ISBN : 9780190887025
The first thing that Catholic religious orders did when they arrived in a town to establish a new community was to plant the cross-to erect a large wooden cross where the church was to stand. The cross was a contested symbol in the civil wars that reduced France to near anarchy in the sixteenth century. Protestants tore down crosses to mark their disdain for "popish" superstition; Catholics swore to erect a thousand new crosses for every one destroyed. Fighting words at the time, the vow to erect a thousand new crosses was expressed in the rapid multiplication of reformed religious congregations once peace arrived. In this book, Barbara B. Diefendorf examines the beginnings of the Catholic Reformation in France and shows how profoundly the movement was shaped by the experience of religious war. She analyzes convents and monasteries in three regions-Paris, Provence, and Languedoc-as they struggled to survive the wars and then to raise standards and instill a new piety in their members in their aftermath. What emerges are stories of nuns left homeless by the wars, of monks rebelling against both abbot and king, of ascetic friars reviving Catholic devotion in a Protestant-dominated South, and of a Dominican order battling demonic possession. Illuminating persistent debates about the purpose of monastic life, Planting the Cross underscores the diverse paths religious reform took within different local settings and offers new perspectives on the evolution of early modern French Catholicism.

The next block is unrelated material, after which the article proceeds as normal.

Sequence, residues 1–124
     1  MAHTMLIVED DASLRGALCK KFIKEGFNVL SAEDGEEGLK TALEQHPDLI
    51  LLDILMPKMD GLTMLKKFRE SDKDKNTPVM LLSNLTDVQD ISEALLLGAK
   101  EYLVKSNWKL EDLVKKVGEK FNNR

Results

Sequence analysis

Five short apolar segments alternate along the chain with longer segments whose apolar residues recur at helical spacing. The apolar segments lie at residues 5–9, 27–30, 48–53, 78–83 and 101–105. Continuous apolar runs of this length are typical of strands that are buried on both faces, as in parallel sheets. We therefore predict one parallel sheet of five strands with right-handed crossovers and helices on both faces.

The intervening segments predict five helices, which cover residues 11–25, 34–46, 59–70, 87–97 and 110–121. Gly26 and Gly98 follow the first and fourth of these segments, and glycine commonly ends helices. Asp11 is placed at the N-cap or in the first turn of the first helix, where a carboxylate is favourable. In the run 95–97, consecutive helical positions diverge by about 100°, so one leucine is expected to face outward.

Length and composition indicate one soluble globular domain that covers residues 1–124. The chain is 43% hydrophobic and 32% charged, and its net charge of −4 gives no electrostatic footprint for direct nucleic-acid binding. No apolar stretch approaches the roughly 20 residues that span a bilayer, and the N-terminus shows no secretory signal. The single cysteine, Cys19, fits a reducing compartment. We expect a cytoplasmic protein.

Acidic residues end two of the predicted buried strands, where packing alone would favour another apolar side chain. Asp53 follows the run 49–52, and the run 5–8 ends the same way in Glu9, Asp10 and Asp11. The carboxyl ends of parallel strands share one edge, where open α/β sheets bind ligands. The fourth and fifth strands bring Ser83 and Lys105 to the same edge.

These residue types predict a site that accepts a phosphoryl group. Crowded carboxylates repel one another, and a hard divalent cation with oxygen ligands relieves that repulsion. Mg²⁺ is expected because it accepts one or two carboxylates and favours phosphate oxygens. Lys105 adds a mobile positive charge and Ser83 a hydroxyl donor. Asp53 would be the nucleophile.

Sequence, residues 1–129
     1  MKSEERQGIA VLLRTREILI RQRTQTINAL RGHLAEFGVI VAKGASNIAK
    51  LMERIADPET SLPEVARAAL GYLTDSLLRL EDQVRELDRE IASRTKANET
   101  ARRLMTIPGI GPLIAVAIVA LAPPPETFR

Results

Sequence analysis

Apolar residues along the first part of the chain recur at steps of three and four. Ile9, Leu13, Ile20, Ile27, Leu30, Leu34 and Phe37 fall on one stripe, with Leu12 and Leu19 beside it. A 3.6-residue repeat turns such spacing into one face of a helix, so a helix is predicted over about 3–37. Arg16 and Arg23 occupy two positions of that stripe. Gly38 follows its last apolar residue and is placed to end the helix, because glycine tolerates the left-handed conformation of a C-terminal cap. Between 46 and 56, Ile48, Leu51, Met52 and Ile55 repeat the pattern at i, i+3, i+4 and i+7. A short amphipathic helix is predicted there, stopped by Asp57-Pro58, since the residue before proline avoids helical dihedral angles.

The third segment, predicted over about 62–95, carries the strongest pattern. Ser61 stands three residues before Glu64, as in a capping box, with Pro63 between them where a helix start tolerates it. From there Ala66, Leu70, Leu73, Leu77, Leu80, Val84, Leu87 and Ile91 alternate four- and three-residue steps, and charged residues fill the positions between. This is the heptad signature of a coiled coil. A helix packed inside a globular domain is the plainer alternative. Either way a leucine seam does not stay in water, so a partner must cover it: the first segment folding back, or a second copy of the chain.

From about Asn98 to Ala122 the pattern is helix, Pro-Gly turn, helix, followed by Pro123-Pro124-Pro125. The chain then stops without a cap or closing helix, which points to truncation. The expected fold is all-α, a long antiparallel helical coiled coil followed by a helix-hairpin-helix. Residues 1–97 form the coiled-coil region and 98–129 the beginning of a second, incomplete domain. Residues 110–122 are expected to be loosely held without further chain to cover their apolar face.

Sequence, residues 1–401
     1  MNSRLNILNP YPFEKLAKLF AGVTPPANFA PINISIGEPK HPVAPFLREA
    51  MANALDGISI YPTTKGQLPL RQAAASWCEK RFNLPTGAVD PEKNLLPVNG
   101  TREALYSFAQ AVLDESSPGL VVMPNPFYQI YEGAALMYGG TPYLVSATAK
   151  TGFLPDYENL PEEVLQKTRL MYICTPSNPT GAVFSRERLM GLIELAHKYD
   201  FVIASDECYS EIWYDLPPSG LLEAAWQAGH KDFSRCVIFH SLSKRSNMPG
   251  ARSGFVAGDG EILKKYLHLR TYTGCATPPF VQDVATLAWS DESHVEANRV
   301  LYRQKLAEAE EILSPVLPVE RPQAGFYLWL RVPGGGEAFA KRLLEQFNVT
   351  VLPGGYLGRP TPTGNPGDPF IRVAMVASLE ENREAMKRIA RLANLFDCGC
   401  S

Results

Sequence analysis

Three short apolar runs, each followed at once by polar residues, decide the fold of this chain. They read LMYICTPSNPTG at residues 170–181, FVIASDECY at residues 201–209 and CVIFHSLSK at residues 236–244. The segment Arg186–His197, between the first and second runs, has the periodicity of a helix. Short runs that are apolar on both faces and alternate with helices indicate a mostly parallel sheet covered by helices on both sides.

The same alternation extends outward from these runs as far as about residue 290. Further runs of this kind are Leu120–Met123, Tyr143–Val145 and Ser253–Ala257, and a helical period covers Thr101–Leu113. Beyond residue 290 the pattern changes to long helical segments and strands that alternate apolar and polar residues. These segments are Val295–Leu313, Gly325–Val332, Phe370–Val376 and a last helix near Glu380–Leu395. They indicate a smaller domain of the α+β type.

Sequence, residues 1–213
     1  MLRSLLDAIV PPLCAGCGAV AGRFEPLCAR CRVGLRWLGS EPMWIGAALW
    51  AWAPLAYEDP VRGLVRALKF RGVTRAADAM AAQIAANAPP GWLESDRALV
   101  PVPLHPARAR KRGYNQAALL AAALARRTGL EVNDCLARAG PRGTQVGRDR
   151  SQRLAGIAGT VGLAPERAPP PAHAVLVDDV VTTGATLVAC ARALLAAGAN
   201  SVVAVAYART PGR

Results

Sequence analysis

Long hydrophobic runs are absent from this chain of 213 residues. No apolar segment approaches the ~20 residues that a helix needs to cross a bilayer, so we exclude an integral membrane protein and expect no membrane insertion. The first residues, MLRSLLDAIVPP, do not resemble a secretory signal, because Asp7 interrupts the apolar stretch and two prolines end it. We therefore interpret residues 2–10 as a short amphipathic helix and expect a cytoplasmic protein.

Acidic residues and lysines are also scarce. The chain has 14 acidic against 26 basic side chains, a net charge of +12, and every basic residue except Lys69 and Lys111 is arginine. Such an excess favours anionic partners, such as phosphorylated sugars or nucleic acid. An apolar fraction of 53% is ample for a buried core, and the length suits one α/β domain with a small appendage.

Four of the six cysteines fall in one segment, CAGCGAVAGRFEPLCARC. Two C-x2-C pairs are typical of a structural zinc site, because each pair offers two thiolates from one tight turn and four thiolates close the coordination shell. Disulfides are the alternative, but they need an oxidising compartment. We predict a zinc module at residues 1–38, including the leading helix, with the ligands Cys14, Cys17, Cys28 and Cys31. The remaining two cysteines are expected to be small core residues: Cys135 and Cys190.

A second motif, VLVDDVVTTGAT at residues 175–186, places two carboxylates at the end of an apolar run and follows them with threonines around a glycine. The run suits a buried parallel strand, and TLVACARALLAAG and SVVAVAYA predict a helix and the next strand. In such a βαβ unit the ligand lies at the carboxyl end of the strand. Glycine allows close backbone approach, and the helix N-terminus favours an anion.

Ch. 1. Old Orders in New Times: The Convents of Montpellier
Ch. 2. A Monastery in Revolt: Paris's Feuillants in the Holy League
Ch. 3. Catholic Militants in France's Protestant Heartland: The Capuchins of Languedoc
Ch. 4. Battling Demons to Propagate Reform: Sebastien Michaelis and the Dominicans of Languedoc
Ch. 5. Catholic Reform from the Bottom Up: The Trinitarians of Provence
Ch. 6. Alternative Visions of the Teresian Heritage: How the Spanish Carmelites Became French